Comment & Analysis: The deadline for you to have your say on the Dublin City Centre Transport Plan is December 1st 2023, but what is in the plan?
Usually, newspapers call plans radical when they are no such thing. This plan, however, will be transformative as long as it is not watered down.
Anybody wanting a better capital city should be looking for more quality and supporting the fast rollout of measures. Don’t let the objectors set the debate — The project is supposed to be a transformative ‘Pathfinder’ project, but watering down and any delay to the project is a dilution of its transformation nature. Make sure that you both respond to the consultation and email your councillors.
This plan is also a multimodal plan — a huge part of it is the bus priority while there’s also very solid pedestrian and cycling priority, and car access will still be allowed. The focus will be on reducing through traffic.
The council sent a reminder of the deadline of the plan and these are what it outlines as key points:
- “Meeting the transport targets set out in the Development Plan by making the city centre a low traffic environment and removing the 2 out of every 3 cars in the city centre which don’t have a destination there.”
- “Implementing a series of traffic management measures which prioritise pedestrians, public transport users and cyclists throughout the city centre and ensure that advantage is taken of the reduced traffic volumes to allocate more space to sustainable modes.”
- “Ensuring that the current and planned public transport services through the city centre can operate efficiently with minimum delays and with adequate space in the public realm for public transport users.”
- “Reallocating sections of the North and South Quays to public transport, walking and cycling only.”
- “Implementing new traffic arrangements at Westland Row allowing for space to be reallocated on Pearse Street, Tara Street, Beresford Place and Gardiner Street.”
- “Creating the potential for a new plaza area at the Custom House Quay or Beresford Place.”
- “Making Parliament Street Traffic Free along with College Green/ Dame Street to Georges Street.”
- “Exploring alternative uses of road space at night time and weekends.”
Because the project is a Pathfinder project, the Implementation Timelines for the main measures are within the next few years:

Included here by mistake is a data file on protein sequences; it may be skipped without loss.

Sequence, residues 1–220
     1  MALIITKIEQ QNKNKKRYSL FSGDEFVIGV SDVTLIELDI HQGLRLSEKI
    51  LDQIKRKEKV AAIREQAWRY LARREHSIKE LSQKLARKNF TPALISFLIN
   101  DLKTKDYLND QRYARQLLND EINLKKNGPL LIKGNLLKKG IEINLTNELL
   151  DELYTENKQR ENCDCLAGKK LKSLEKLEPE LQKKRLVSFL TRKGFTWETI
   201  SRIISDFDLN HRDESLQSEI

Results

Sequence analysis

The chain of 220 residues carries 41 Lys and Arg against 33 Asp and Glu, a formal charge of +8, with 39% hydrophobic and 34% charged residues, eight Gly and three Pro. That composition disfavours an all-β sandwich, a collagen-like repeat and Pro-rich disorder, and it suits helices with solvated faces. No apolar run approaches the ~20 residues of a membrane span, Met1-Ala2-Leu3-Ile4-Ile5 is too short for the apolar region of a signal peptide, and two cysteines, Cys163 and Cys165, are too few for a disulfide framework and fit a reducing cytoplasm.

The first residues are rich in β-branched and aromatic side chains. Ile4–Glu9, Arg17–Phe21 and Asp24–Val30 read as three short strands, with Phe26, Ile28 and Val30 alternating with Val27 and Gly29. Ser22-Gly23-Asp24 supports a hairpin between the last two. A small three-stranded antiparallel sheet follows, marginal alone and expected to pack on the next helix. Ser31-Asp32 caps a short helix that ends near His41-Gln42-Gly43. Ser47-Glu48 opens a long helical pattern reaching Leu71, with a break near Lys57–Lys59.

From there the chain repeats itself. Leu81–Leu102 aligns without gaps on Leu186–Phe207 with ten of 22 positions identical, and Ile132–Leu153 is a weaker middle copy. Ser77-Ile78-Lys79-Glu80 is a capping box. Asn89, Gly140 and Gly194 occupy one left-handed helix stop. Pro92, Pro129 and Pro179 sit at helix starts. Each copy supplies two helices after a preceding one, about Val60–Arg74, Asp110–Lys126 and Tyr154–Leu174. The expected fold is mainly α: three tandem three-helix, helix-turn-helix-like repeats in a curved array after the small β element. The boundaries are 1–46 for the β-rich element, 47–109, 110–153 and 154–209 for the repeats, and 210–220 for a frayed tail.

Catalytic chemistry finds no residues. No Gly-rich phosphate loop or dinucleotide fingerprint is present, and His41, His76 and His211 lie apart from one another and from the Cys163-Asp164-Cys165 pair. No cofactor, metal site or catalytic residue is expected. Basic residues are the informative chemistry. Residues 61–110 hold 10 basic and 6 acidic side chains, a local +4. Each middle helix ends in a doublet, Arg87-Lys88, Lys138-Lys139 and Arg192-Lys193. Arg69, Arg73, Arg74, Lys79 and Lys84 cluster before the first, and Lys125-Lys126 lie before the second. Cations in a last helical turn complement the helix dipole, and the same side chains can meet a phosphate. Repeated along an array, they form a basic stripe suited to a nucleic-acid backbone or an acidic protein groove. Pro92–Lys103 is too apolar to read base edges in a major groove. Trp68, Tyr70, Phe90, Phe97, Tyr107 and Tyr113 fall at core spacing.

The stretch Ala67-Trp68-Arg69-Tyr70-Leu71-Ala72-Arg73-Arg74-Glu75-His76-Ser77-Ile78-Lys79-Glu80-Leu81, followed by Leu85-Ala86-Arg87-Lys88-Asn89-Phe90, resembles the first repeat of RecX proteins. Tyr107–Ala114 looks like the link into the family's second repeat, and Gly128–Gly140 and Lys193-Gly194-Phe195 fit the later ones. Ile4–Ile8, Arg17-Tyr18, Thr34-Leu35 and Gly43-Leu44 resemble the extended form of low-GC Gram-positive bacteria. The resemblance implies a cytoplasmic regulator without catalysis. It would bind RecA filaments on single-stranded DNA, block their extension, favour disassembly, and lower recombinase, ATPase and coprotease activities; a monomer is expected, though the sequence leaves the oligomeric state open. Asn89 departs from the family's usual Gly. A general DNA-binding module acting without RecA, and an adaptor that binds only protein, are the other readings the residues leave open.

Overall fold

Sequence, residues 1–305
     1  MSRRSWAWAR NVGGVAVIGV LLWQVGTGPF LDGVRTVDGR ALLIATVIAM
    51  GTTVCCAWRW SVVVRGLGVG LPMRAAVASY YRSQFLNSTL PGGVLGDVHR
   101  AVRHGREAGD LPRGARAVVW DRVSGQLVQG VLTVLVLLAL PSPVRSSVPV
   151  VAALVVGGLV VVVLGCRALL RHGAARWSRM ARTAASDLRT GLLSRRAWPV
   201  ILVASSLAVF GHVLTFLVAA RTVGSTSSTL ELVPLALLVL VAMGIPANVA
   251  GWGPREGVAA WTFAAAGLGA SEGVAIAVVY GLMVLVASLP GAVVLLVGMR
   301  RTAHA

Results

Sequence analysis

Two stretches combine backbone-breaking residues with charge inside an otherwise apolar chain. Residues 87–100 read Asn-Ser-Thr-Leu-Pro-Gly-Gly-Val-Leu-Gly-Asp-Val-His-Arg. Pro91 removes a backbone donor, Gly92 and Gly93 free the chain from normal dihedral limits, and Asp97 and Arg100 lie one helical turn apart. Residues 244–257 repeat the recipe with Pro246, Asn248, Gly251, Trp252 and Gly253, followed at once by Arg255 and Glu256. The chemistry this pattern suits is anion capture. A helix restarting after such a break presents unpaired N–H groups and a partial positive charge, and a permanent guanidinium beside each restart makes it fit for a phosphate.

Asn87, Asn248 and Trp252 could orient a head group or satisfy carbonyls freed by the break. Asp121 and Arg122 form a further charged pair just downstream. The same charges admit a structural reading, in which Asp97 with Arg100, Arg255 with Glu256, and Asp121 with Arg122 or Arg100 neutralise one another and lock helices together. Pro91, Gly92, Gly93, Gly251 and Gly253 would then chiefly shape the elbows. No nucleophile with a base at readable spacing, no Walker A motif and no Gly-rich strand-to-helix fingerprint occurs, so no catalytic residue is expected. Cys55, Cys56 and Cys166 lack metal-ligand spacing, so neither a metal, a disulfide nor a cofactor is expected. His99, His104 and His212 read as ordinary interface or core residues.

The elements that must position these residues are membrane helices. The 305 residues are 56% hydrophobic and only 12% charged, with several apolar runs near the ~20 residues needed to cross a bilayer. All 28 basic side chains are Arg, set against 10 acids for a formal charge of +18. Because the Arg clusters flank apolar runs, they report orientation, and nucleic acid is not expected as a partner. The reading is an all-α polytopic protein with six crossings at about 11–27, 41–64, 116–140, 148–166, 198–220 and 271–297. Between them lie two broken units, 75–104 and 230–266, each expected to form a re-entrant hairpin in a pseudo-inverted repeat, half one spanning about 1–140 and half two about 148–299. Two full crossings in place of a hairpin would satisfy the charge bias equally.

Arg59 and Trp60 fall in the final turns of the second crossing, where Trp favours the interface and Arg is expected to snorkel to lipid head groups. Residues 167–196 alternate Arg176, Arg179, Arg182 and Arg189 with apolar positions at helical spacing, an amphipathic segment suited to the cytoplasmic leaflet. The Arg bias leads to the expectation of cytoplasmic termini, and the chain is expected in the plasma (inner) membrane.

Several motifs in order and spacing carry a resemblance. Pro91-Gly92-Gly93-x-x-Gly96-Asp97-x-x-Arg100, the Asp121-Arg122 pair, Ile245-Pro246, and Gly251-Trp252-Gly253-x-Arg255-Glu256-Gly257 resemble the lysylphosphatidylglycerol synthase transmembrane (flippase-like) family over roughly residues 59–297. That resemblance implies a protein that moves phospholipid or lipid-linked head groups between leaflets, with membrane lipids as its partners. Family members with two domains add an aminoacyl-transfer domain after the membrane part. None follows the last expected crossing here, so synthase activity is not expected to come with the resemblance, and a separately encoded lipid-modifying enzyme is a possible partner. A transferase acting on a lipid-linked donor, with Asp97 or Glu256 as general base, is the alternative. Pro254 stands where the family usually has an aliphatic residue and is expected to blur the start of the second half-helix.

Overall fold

Drawings and imagery in the plan
The draft report includes drawings and imagery of what things might look like after the City Centre Pathfinder is implemented. It is highly likely many or even most of these will be implemented in some type of quick-build way before getting polished up as per the artist’s impressions below.
Some disclaimers: These are outline drawings to give an overall vision. These will still need to be detailed designs before they are implemented.
But in a way once the concepts are accepted, it covers how space is split up — ie if a street is going to have bus lanes in two directions and one car lane, there’s not enough space then for protected cycling in both directions. So, if there are issues with these, you should make a point of mentioning them in your submission.
1. College Green
We’re not actually given any drawings of what College Green might be like in the short term. Just an old artist’s impression of what it might be like after a huge reconstruction project. First, once buses are rerouted, there will be a more temporary layout.
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Key to this for cycling and reducing conflict between pedestrians and cycling will be having a clearly defined cycle route through the area.
2. Parliament Street
Parliament Street is to get wider footpaths, dining/seating areas and a 4-metre wide two-way cycle path for both cycling and emergency access.
A 4-metre-wide two-way cycle path might seem wide to some people but from our own and international experience, it should be the minimum target width of city centre cycle paths. Especially when such cycle paths are supposed to double as emergency routes.